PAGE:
Our firm specializes in boiler explosion cases. Industrial boilers come in a variety of sizes; from around 10 feet up to massive boilers several stories large. And while boilers, under all states laws, must be subjected to rigorous testing and inspections to ensure their continued safety, boiler explosions are quite common and illustrate why such antiquated technology should be monitored even closer so that these dangerous devices do not kill and injure any other individuals. Choosing the right lawyer to assist you or a loved one in any case involving boiler explosions should be based, in large part, on two distinct issues: (1) the knowledge of the lawyer and (2) the lawyer’s ability to utilize that knowledge to achieve the desired results. Boiler explosion cases can involve highly technical issues, and, to be successful, your lawyer will need to have access to and familiarity with the leading experts in the industry. The lawyers at Karsman, McKenzie & Hart have spent years developing the necessary connections with professionals in the fields of accident reconstruction and failure analysis and can put their knowledge and relationships to work for you.
The lawyers at Karsman, McKenzie & Hart have a deep, technical understanding of the way in which boilers work, and eventually fail. Boilers are nothing more that device which utilizes fuel, usually coal or natural gas, to heat water. The water, once turned to steam, is then utilized for a variety of purposes including heating and energy generation. The problem is that heating up any fluid in a confined space can create a pressure vessel prone to explosion if not handled correctly, and the consequences can be catastrophic. There are several standards, usually adopted by most states as their boiler code, including ASME Boiler and Pressure Vessel Code, which guide owners and operators of boilers on the standards and procedures necessary for safe use. And while the standards are long and detailed, they generally require that boiler be inspected annually for (1) structural integrity, (2) proper functioning of safety mechanisms and (3) proper operation. Structural integrity of the boiler is important because if the boiler is not structurally sound, it can rupture and possibly explode under normal operating procedures. Safety mechanisms, possibly the most important features of the boiler, are designed to shut the boiler down in the event it begins to operate outside of safety parameters. The two most important parameters include controlling the temperature of the boiler and internal pressure. And while the boiler’s temperature and pressure are directly related, they are both closely monitored. Most boiler explosions are due to over-pressurization. In normal operation, both the temperature and pressure are tightly controlled through thermostats and pressure relief valves, which, if they fail, can lead to catastrophic boiler explosions. When dealing with a boiler explosion, you need lawyers who understand the applicable codes and how they apply in the real world to the particular boiler.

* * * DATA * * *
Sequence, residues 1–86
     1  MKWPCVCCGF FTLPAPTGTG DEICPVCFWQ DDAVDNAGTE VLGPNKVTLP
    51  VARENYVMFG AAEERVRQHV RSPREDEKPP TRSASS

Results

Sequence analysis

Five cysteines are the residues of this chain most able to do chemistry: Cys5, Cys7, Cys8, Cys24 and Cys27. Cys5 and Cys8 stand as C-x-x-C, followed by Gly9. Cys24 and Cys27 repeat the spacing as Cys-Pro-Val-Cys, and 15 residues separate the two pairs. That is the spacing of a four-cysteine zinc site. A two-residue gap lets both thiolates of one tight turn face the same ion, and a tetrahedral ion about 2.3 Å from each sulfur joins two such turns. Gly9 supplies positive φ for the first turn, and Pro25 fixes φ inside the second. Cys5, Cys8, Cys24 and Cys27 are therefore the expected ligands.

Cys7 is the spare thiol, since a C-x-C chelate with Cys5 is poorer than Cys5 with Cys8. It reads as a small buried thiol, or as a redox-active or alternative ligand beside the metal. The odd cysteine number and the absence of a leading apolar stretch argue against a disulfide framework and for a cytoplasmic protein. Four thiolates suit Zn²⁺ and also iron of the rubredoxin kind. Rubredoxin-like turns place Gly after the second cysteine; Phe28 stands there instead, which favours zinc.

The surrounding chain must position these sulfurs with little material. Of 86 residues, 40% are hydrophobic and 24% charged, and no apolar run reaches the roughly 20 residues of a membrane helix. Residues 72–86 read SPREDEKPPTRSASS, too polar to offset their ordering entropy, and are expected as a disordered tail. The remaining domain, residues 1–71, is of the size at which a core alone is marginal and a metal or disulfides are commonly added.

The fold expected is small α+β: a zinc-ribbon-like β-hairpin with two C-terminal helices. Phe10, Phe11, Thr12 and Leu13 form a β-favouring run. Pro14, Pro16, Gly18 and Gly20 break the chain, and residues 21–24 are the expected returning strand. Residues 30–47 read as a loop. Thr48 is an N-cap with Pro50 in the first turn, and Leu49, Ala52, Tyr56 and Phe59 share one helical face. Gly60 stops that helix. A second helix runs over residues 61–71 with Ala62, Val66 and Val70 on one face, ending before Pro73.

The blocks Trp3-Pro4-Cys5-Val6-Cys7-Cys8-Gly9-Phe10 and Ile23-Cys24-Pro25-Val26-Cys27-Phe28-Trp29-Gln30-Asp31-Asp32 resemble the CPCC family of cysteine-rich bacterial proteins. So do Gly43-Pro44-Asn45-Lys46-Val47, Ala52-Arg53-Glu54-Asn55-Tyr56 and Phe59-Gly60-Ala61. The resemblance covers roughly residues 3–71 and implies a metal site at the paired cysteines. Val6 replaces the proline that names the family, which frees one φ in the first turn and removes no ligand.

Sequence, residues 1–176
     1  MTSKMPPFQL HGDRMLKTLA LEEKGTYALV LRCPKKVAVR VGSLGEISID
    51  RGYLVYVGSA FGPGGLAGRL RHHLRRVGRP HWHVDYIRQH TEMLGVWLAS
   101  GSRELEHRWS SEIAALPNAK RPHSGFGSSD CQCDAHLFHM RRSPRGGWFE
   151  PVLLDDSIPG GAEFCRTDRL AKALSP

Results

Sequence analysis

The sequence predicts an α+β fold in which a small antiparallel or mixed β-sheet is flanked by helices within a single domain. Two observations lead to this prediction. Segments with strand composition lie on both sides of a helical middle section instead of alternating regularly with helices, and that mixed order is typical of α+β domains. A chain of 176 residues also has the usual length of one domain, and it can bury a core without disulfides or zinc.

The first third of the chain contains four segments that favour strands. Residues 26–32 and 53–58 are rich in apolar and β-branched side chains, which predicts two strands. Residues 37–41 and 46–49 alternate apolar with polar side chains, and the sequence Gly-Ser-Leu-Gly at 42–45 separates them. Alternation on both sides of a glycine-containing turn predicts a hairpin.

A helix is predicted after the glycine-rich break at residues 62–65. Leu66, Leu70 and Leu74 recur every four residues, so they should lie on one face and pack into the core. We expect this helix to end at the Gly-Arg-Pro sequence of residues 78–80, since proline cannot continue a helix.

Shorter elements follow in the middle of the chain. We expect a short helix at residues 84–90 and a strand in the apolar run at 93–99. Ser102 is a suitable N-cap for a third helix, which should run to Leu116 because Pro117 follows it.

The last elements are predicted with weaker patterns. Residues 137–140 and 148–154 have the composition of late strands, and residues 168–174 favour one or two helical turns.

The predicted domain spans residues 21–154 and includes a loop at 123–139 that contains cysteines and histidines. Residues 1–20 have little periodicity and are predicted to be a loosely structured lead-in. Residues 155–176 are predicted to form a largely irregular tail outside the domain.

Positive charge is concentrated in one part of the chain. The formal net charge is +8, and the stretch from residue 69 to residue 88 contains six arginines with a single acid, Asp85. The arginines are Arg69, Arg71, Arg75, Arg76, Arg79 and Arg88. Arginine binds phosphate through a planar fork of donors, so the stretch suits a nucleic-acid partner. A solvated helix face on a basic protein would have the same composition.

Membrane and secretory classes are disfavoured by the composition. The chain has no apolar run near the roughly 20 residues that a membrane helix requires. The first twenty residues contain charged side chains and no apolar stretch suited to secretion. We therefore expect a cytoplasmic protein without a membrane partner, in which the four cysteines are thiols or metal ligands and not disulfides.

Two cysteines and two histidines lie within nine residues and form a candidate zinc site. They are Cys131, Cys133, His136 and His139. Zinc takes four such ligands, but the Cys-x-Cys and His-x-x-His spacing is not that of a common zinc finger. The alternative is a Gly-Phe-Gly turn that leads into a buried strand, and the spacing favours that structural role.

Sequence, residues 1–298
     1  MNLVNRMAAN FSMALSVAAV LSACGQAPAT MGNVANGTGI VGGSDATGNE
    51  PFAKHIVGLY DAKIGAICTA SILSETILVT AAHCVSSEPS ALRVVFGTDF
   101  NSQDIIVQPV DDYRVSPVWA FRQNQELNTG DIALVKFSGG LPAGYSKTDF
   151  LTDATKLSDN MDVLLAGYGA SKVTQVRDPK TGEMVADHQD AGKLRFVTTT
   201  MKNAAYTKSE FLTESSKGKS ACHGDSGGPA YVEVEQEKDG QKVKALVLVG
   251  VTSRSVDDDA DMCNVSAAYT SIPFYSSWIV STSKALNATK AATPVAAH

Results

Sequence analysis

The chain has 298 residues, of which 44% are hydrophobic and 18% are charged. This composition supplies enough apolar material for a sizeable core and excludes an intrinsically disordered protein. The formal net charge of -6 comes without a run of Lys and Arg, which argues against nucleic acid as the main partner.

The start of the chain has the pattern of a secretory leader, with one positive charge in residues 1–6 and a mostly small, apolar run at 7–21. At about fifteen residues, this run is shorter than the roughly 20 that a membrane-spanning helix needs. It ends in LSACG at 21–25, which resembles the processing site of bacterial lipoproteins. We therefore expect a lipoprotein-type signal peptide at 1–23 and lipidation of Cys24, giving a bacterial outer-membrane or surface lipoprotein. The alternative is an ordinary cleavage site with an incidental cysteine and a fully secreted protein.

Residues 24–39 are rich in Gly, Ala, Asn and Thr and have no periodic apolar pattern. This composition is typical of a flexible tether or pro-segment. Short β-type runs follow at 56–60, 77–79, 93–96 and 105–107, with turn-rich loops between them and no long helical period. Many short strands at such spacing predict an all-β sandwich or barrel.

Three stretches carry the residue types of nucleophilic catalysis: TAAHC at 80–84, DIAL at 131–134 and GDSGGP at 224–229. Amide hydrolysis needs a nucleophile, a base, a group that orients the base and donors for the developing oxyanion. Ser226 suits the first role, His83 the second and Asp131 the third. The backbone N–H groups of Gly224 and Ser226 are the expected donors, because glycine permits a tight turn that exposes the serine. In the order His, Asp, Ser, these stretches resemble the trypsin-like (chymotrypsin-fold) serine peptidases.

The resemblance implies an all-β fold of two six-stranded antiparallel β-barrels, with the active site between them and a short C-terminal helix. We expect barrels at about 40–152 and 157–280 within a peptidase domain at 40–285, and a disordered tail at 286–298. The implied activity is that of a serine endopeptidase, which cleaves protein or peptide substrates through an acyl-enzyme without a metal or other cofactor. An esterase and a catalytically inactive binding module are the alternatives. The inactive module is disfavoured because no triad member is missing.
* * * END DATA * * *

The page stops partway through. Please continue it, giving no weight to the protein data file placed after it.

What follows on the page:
At Karsman, McKenzie and Hart, we have handled numerous industrial explosion cases, both large and small, which have resulted in seven-figure recoveries for our clients. This is a sample of some of the cases our firm has successfully pursued:
- Imperial Sugar Refinery dust explosion in Port Wentworth, Georgia in which a sugar refinery exploded causing 14 people’s death and numerous others to be burned over large parts of their body;
- Chemical explosion due to failure to properly clean industrial piping in large paper mill wherein a single client suffered 2nd and 3rd degree burns all over his body;
- Acid explosion out of a open pipe spraying three people acid leading to chemical burns, facial injuries and blindness;
- Natural gas explosion in which two people were engulfed in natural gas fireball causing severe burns and death of one of the occupants.
Call us today to discuss if we can assist you if you or a loved one has been injured or burned in a boiler or other type of explosion.
 Most states incorporate as state law some version of the ASME Boiler and Pressure Vessel Code, including but not limited to Georgia, Ohio, and New York.